This question seems to come up a lot. I will use power cleans as an example, when you see the program written as 3, 3, 3, 3, 3, 3 that means after you do a skill transfer work on the bar and maybe 2 warm up sets you begin your first set of 3. For example, say your max weight on a 3 rep power clean is 100 kilos, start with skill transfer work like a Burgener Warm Up and then move to your first warm up of 50 kilos where you complete 3-5 reps. Then you go to 60 kilos and perform 3-5 reps. Now you are ready to begin your sets. Your first set is 70 kilos and you perform 3 reps. Your next set is 80 kilos, and your 3rd 90 kilos and hopefully it is all going well. Now you have decision to make, you have 2 sets left and your 3 RM is 100 kilos. Do you shoot for 95 & 100 for your next two sets? Or do you try for a new PR? I would hope you are feeling good, got plenty of rest, had something to eat before you trained and ready to make a jump. So you decide to go for 100 kilos and you complete 3 reps. Now you have 1 set left and you are in new territory, do you take 102.5, 105 or 110? I would say 2.5-5 kilos is a good jump. I would be happy with a 5 lbs increase, but I rather have 10 lbs. Make the decision and go for it. You might fail and only got 1-2 reps but at least you went for the PR. No shame in missing an attempt.
There is nothing wrong with missing a weight or failing on a max attempt. I have been beaten by the weights many times. We actually keep score on this, somedays it is Weights-1, John-0 and the weights get the victory. Other days…a new PR and I get back to even with Weights-1, John-1.
But what if it is written 5×3? That means the program asks you to do 5 sets of 3 reps at the same weight across the board. Say my 3 RM power clean is 100 kilos and the program asks you to do 5 sets of 3 reps at 100 kilos. So do the same work up, skill transfer with the bar and some reps at various weights building up to 100 kilos and go for it. Usually, you will see the notation Set New PR or add 2.5 lbs, that means you should try to do your 5 sets of 3 reps at a new PR, so if my old PR was 100 kilos and it says to set a new PR, then I would complete all 5 sets at 101.25 kilos.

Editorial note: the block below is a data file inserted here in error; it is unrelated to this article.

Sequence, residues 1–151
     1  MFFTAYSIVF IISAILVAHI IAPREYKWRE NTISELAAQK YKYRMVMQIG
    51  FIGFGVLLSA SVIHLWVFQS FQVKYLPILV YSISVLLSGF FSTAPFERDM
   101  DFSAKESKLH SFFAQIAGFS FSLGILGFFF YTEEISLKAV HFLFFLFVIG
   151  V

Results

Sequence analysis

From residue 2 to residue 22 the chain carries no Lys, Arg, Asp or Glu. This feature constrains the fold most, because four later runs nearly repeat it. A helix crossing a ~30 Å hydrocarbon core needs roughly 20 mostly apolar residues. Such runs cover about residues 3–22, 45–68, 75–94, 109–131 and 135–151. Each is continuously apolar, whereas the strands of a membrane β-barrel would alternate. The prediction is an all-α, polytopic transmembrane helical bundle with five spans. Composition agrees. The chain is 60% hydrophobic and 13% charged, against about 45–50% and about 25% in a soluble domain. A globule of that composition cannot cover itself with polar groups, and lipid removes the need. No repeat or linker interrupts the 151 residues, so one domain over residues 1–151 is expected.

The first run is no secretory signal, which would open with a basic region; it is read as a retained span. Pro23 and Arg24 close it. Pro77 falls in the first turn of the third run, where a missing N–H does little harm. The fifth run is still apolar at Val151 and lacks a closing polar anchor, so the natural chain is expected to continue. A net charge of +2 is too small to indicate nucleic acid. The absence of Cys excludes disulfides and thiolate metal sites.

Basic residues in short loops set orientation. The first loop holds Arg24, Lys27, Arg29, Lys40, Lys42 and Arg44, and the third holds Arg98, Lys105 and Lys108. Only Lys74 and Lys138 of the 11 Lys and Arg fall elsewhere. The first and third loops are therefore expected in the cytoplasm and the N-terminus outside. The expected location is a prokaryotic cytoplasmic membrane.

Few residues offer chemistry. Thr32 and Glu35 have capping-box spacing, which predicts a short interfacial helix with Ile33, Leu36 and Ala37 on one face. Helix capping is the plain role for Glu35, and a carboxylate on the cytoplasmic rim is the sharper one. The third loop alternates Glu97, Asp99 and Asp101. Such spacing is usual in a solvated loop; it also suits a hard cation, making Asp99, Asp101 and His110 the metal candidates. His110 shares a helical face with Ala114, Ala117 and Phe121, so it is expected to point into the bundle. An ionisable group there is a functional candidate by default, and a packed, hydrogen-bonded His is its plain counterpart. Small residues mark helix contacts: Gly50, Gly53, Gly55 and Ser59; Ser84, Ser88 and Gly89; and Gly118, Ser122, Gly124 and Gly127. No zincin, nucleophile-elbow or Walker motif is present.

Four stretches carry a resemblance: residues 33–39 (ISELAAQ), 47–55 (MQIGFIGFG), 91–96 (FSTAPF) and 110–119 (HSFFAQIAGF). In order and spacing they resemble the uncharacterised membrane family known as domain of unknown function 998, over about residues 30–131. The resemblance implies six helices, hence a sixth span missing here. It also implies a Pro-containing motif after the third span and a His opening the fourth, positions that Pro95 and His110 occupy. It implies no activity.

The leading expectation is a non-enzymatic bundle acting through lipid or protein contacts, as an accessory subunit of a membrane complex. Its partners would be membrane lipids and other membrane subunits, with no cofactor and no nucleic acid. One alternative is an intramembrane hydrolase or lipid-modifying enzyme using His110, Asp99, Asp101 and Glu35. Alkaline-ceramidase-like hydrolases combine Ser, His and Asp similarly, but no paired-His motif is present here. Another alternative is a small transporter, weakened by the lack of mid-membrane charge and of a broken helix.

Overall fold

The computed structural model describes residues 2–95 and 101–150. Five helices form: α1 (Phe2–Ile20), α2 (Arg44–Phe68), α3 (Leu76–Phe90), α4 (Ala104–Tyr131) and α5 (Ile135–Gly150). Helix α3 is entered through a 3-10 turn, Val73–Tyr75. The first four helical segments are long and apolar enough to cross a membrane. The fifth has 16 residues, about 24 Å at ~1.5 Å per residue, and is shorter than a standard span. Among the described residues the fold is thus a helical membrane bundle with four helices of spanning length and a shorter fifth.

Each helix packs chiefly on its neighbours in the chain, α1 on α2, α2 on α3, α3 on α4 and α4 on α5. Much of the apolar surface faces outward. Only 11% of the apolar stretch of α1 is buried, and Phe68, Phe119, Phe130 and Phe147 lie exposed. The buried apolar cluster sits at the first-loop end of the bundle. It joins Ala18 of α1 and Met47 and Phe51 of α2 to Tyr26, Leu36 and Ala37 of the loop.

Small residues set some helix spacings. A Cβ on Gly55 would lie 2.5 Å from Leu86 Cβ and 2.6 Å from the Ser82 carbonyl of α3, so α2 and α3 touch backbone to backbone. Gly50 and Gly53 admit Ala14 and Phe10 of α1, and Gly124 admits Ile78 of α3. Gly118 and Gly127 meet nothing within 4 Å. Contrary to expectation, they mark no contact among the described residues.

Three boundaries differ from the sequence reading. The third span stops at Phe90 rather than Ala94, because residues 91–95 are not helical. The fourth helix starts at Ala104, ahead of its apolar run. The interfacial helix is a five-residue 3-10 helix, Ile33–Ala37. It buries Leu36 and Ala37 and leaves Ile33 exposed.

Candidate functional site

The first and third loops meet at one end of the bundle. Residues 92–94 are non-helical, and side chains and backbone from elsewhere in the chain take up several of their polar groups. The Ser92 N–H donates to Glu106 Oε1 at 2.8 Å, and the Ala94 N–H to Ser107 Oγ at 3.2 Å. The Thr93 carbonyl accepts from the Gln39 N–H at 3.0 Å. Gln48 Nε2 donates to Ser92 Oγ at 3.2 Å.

Now that this is out of the way, what about the 5 RM of Deadlift? When it reads Deadlift 5 RM the program is asking you to only pull 1 set of 5 reps at a new PR. Usually it will ask for you add 10 lbs or just set a new 5 RM. Say your 5 RM Deadlift is 100 kilos, I would warm up up the same way as the Power Clean, some skill transfers with the bar then start adding weight. I would pull 1-3 reps for the first few and start pulling singles until you get up close to your new PR. At that point load the bar, step up and go for broke with a new 5 RM. The reasoning behind this is, you fatigue much faster on a Deadlift than a Squat and you only have so many pulls in you, so don’t waste them in warm ups. Use all the strength and energy to set a new 5 RM.
For my max efforts I found when I decreased the volume on my DL and ramped up intensity my numbers went up. However, we have contrasting days where volume is high and intensity is lower. This would be seen in dynamic pulling like Power Cleans, Power Snatches and Clean Pulls. We only Deadlift heavy once every 7-10 days because Deadlifts are very taxing on our CNS and can take at least 7 days to recover (I had heard this articulated very well until I sat at dinner with Dave Tate). Sometimes you will see a 5 RM Deadlift and a Deadlift in a metabolic conditioning workout. Usually that is a sub-maximal weight we are asking you to lift dynamically, think high volume, low intensity. Another thing to remember, the metcons are programmed for the Professional level and for strong people so if the weight that is prescribed is 105% of your 1 RM DL, then you need to scale it back. No harm in scaling.
You can make comments, ask questions and have dialogue in the post to comments section of this entry.
If you have other questions please submit them to email@example.com.
The idea of this site is the best idea ive seen in a long time, im beind you all the way, JayBird thank you.
Thank you very much for explaining the underlying thinking behind the 5RM DL, and the other lifts as well. This is very helpful in stepping up the plate in the gym and knocking it out.
Best programming I have ever followed.